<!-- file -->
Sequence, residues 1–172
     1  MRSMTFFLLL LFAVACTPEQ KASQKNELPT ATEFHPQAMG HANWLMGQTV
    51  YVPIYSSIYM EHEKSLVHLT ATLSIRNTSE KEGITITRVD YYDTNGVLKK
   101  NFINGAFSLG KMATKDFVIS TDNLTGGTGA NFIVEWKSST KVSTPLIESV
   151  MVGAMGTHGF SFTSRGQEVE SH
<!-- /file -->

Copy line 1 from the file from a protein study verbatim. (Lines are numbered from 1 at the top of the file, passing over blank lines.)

Sequence, residues 1–172